I am a visual learner so the video was definitely more helpful for me. I liked the video from online because it showed exactly how to use the product rule on a function. The demonstration included different colors, sound, and also a clear visual representation of how to use the product rule. The book gave a clear and helpful description as well however personally I just have a hard time concentrating on something that is printed in a thick text book. An upside to the book was that there was more than one example.

Definition:

If f(x)=g(x)h(x) then f'(x)=g'(x)h(x) + g(x)h'(x)

Example:

f(x)=(4x^3)(3x^6)

f'(x)=(12x^2)(3x^6)+(4x^3)(18x^5)

f'(x)=(36x^8)+(72^8)

f'(x)=108^8

Example:

f(x)=(4x^3)ln5x

f'(x)=(12x^2)(ln5x)+(4x^3)((1/5x)(5))

f'(x)=(12x^2)(ln5x)+(4x^3)(1/x)

## Sunday, January 10, 2010

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This is a nice post. It was very clear which source was more helpful to you and why. You also clearly explained the benefits of the book, even thought that was not the most helpful to you. Your definition and example were also good. Though it wasn't required, it would help me if you actually put the video in you post so I could see it without having to find the link on delicious. Do you think that it would be helpful for Bru to show videos like this on in class during a lesson?

ReplyDeleteHi Blizten,

ReplyDeleteI also appreciated your reflection on your learning style and what helps you most. Do you think that you'll try to find online sources to supplement the textbook in future situations?

Also, I'm interested in the example you chose for the product rule. Part of what makes mathematics beautiful and exciting to me is finding the most efficient and elegant way to solve a problem. Your example does show clearly how the product rule works, but does this problem require the product rule in order to differentiate? Is there a simpler way to do it?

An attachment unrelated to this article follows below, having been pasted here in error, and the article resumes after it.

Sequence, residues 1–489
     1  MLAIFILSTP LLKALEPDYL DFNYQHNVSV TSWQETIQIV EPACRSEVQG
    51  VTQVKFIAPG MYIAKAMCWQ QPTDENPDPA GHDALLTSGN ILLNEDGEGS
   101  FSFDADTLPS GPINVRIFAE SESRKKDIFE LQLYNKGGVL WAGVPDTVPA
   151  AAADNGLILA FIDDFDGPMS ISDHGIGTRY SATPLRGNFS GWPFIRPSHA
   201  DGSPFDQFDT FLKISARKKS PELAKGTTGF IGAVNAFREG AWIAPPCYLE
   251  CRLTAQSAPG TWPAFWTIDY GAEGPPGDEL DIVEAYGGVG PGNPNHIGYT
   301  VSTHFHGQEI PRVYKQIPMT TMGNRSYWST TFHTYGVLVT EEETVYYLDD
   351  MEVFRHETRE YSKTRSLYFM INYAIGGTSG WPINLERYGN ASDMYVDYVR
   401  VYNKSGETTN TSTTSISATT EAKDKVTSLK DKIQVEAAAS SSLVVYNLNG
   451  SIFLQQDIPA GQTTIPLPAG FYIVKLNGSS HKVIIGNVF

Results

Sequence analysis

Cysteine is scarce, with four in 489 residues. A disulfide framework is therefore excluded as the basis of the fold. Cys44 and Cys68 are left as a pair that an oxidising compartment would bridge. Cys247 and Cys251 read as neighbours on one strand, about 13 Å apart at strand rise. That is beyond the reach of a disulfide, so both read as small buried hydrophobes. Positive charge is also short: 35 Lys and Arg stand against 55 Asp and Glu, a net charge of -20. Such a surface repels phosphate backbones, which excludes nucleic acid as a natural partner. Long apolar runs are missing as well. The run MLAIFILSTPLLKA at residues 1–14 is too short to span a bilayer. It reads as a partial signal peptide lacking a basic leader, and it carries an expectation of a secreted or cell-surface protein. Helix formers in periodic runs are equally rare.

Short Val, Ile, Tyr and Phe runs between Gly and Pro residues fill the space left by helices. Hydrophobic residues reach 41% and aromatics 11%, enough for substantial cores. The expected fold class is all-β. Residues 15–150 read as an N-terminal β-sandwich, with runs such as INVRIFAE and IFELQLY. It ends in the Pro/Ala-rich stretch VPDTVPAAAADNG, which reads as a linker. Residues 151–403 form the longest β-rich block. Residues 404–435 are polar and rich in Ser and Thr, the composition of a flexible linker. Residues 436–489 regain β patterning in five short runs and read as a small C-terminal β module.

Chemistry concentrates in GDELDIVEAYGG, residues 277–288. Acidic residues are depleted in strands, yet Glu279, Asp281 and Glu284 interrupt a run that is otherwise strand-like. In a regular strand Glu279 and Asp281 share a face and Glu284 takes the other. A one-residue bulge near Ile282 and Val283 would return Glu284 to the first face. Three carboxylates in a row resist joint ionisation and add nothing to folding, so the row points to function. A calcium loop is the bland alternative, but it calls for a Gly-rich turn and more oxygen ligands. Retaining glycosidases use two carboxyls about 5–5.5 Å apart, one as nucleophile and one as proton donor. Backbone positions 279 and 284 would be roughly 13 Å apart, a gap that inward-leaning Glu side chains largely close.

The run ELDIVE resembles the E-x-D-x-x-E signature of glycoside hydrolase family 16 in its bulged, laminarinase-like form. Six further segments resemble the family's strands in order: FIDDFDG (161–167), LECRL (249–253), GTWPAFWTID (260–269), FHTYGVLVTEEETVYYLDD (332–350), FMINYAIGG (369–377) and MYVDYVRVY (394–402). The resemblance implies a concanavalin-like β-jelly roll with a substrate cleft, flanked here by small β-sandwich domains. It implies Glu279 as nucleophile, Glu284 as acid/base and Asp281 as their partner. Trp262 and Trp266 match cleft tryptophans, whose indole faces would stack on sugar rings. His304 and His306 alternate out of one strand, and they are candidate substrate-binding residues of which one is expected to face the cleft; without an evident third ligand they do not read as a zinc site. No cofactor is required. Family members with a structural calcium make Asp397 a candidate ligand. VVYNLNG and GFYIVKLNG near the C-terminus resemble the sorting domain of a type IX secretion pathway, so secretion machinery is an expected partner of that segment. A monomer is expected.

I would consider adding another example in which you MUST use the product rule.

SKS

Secret said in her comment, "Do you think that it would be helpful for Bru to show videos like this on in class during a lesson?"

ReplyDeleteWhen I have showed videos in class during the first semester (like the cartoon explaining limits) it seemed that some students were attentive and got something out of it, while others did not. Providing links to these videos seems like the better way to go: those who are visual learners will make use of the link to add to their understanding of the topic, others may choose not to use the link. Either way, it frees up class time, as well as allows for student choice. Like the saying goes: "You can lead a horse to water, but you can't make him drink." At least the water is made available for everyone.

Cheers, Bru

I am also a visual learner and watching the video you bookmarked really helped me study the Product Rule. You did a great job explaining what you liked and disliked about each source and provided a helpful definition of the rule and an example. My only suggestion might be to add a verbal definition as well as a mathematical one.

ReplyDeleteSecret: Putting the link to the video would have been a good idea I should probably as someone how to do that for my next post! And Bru could show videos like this but he also does a lot of examples on the Smartboard which is helpful too.

ReplyDeleteSarah: After seeing this video and how much it helped me understand this topic, I probably will look for videos of the topics we are learning to further help my understanding. Also, thank you for pointing out that the example I used doesn't require the product rule, I didn't notice that when I posted it. I have added another example that does require the product rule.

BlueElephants: I agree with you about putting a verbal definition in my post. It would have been a really good addition to it. I will definitely remember to add one on my next post.